Protesters against the government’s plans for a drastic overhaul of the judiciary held rallies Thursday outside events attended by two government ministers, heckling them as they tried to give speeches.
A protest rally was also held outside the home of Moshe Koppel, head of the Kohelet Policy Forum, a think tank that has spearheaded much of the effort behind the reforms.
The government says the overhaul is needed to rein in what it sees as an over-intrusive High Court of Justice. Critics say it will sap the court’s power to act as a check and balance against the Knesset, dangerously harming Israel’s democratic nature.
The overhaul has been on hold since late March while negotiations are held with opposition parties for agreed-upon changes to the justice system, but with no announced progress in talks yet. Prime Minister Benjamin Netanyahu and other coalition figures have vowed that reforms will be enacted even without agreement.
Justice Minister Yariv Levin, who is spearheading the overhaul, was in Katzrin in the Golan Heights to participate in a ceremony to inaugurate a new judicial building in the community. He was joined there by Supreme Court President Esther Hayut, who has spoken out against the government’s plan.
Outside the building, protesters gathered and shouted slogans, with cries of “disgrace” reportedly heard inside as Levin spoke.
מול שר המשפטים יריב לוין, בקצרין, עכשיו pic.twitter.com/hpPGekJ6Rw
— Ben Caspit בן כספית (@BenCaspit) June 1, 2023
Dozens of people also protested at the University of Haifa where Environmental Protection Minister Idit Silman was participating in a conference. As Silman spoke, people in the audience heckled her, also shouting “disgrace.”
Two protesters stood in front of Silman holding flags with anti-government slogans, the Walla news site reported.
Organizers of the protest against Silman said it was “about time that elected officials hear the voice of the public, the public that didn’t vote for a coup” against the judiciary.
Outside the building, the minister was surrounded by protesters waving anti-government posters. Though police did not intervene with the protesters, Haaretz news outlet photographer Rami Shalosh was knocked to the floor by officers. Shalosh was lightly hurt but did not require medical treatment. His camera was damaged.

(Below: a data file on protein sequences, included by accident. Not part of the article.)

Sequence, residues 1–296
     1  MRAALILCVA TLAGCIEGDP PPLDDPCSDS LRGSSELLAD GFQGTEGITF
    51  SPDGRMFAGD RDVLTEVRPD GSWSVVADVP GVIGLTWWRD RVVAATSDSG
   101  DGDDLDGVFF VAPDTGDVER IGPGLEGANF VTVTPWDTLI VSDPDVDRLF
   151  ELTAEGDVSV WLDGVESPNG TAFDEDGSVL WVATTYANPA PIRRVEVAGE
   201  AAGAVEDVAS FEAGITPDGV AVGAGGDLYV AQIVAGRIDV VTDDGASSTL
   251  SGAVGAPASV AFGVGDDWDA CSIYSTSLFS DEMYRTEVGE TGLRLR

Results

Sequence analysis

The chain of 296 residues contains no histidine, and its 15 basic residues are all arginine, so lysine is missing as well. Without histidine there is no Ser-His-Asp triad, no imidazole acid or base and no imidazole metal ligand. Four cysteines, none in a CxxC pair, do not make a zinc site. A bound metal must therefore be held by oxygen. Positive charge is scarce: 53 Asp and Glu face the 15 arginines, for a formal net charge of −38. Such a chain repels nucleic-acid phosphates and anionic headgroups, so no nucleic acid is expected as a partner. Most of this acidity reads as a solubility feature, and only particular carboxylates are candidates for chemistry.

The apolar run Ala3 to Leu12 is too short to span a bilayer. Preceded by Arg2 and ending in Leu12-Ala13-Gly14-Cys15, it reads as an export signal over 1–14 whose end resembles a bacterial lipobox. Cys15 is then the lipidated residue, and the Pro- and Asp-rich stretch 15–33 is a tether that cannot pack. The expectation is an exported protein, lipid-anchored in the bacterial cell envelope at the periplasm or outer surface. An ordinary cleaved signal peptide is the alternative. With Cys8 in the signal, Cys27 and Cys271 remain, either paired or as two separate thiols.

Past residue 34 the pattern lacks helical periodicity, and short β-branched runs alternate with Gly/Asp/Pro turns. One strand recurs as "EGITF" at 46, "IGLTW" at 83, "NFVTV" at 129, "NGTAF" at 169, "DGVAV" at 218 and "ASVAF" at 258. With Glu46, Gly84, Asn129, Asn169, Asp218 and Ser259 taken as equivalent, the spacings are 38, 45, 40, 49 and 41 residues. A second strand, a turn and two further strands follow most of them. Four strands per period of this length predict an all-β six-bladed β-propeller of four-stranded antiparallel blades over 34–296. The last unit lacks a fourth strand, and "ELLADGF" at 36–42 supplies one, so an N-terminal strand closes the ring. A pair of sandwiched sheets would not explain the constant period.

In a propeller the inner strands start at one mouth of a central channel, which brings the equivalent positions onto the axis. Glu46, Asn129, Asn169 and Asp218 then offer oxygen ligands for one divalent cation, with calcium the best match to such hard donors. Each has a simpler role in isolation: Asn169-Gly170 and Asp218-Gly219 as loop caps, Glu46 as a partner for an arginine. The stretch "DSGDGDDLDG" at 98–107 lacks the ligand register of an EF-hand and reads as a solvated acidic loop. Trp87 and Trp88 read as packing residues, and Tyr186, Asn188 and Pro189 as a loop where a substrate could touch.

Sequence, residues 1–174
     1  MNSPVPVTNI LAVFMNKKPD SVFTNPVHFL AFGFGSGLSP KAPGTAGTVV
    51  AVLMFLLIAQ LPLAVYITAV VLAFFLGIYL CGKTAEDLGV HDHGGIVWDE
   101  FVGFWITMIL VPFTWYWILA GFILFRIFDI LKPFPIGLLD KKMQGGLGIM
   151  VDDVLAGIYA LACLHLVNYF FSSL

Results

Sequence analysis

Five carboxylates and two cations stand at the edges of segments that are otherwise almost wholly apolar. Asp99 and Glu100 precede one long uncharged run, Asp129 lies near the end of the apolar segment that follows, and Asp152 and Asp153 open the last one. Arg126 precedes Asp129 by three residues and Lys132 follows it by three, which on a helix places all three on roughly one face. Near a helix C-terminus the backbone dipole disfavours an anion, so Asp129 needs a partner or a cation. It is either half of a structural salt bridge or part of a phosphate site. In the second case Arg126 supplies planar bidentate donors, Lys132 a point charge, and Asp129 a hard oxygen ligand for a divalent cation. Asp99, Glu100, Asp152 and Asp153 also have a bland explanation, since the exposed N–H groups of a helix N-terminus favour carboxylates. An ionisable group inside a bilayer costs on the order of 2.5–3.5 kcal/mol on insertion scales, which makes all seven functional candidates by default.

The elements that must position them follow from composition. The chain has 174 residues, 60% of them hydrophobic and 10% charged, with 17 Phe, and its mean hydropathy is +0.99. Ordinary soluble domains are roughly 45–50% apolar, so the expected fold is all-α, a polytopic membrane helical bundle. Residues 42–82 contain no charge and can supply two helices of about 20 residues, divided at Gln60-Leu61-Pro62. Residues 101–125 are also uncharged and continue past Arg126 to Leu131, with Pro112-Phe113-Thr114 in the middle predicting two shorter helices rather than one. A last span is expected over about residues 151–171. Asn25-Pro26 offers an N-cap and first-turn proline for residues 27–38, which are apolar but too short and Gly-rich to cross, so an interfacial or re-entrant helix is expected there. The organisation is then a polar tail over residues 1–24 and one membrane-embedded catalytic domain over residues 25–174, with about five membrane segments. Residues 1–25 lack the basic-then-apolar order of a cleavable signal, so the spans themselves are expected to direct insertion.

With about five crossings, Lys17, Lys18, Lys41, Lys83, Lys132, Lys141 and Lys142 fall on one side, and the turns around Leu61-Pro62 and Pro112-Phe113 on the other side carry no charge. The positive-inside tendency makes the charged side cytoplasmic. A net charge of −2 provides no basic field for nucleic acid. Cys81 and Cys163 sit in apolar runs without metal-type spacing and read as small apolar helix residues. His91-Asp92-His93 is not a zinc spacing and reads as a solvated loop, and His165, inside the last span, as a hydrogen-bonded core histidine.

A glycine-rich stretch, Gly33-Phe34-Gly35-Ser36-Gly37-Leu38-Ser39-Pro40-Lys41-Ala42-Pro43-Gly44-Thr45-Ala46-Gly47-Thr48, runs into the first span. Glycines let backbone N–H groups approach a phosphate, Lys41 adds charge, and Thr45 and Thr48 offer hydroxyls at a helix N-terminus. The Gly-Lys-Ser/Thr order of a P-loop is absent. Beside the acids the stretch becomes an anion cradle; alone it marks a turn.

רמי שלוש, צלם עיתונות מוטח לרצפה ע״י שוטר וכל חטאו שעשה את עבודתו נזק נגרם לציוד צילום שלו, חרפה pic.twitter.com/uaLzlm89jB
— חיים גולדברג (@haim_goldberg) June 1, 2023
Israel Police spokesperson Eli Levi, who is personally acquainted with Shalosh, later called the photographer to apologize, Walla reported. Police sources told the outlet that Israel Police Chief Yaakov Shabtai asked for an internal inquiry into what had happened. The officer who shoved Shalosh, and his commander, also both apologized to him, according to the report. Shalosh told Walla he will not be filing a complaint, adding that though he takes a serious view of the incident, he had accepted the officer’s apology.
Earlier in the day, protesters arrived at the home of Kohelet chief Koppel in the West Bank settlement of Efrat.
הפגנה של ״אחים לנשק״ מול ביתו באפרת של משה קופל יו״ר פורום קהלת. השכנים מתחילים להתרגז, לרבות השפרצה בצינור גינה על המפגינים ברחוב. pic.twitter.com/hmNkqnxPrR
— Matan Golan (@MatanGolanPhoto) June 1, 2023
Demonstrators posted flyers on the fence of Koppel’s home reading “Here lives a collaborator with a dictator” — an apparent reference to Netanyahu.
On Tuesday, Science and Technology Minister Ofir Akunis pulled out of a Los Angeles event amid a protest at the venue against the government’s contentious plans.